A Tunisian soldier went on a shooting rampage Monday at a military barracks in the capital Tunis, killing seven fellow soldiers, officials have said.
At least another 10 soldiers were injured in the attack at the Bouchoucha base, a stone's throw from the National Bardo Museum where Islamist gunmen killed 21 people, mostly foreign tourists, in March.
Around 8.45am local time, the soldier attacked one of his colleagues with a knife and snatched his gun, presidential spokesman Moez Sinaoui told French daily Le Monde. The soldier then opened fire on his fellow troops, before being killed. According to Reuters, an army colonel is among the victims.
Speaking on Monday, Sinaoui said the shooter had "behavioral issues" and there did not appear to be "terrorist motives" behind the attack. Tunisian defense ministry spokesman Belhassen Oueslati said the soldier had been forbidden from carrying a weapon because of "troubled behavior due to family problems."
Since the Bardo museum attack, when gunmen wearing military uniforms killed 22 people, including 18 foreign tourists, the Bouchoucha barracks has become a key position for Tunisia's security forces. The country's Anti-Terrorism Brigade (BAT) and the special armed forces are both based at the barracks, which is situated very close to Tunisia's parliament.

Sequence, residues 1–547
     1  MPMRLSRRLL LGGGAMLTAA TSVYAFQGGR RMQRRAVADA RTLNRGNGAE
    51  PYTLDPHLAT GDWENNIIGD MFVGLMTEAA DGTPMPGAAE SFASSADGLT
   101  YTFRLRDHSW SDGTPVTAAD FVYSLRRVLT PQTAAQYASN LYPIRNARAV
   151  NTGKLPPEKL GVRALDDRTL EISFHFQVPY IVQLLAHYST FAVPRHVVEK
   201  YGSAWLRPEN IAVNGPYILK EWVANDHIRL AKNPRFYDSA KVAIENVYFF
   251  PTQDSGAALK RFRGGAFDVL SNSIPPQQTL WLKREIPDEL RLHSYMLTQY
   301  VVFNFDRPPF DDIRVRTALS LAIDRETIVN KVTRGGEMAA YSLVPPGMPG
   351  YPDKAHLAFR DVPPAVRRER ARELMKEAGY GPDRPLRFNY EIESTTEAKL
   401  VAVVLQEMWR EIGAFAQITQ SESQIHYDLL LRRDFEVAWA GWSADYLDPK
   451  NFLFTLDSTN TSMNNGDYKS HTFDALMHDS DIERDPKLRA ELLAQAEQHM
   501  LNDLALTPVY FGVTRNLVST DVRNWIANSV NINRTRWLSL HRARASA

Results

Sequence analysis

On Monday morning, Tunisia's elite BAT squad cordoned off the military base and two military helicopters hovered over the area, as armed forces checked the surrounding buildings and mosques. Security forces also checked all vehicles parked in the area for car bombs and a local primary school was evacutated. Oueslati said the situation was under control by mid-morning.
In March, the Tunisian army released a video showing the BAT helping hundreds of tourists evacuate the building, before cornering and killing two of the attackers on the top floor of the museum.
A week after the attack, Tunisian Prime Minister Habib Essid fired six police commanders, including the Tunis police chief and the Bardo security chief, citing several security "failures." Two of the Tunisian Parliament guards on duty during the attack were found to have been taking "a coffee break" during the attack.
Four years after the Arab Spring protests that led to the overthrow of autocratic ruler Zine El-Abidine Ben Ali, insecurity persists in Tunisia, in part because of the terrorist groups that are active in the region. The country shares a border with Libya, where jihadists have gained strength from the Libyan conflict, and with Algeria, where al-Qaeda in the Islamic Maghreb (AQIM) has a base. Speaking to VICE News back in March, political analyst Hasni Abidi said "Tunisia's success is the downfall of jihadist movements," and that the country had emerged as an ideal target for those groups.
For now, though, officials have ruled out the terror motive in Monday's attack.
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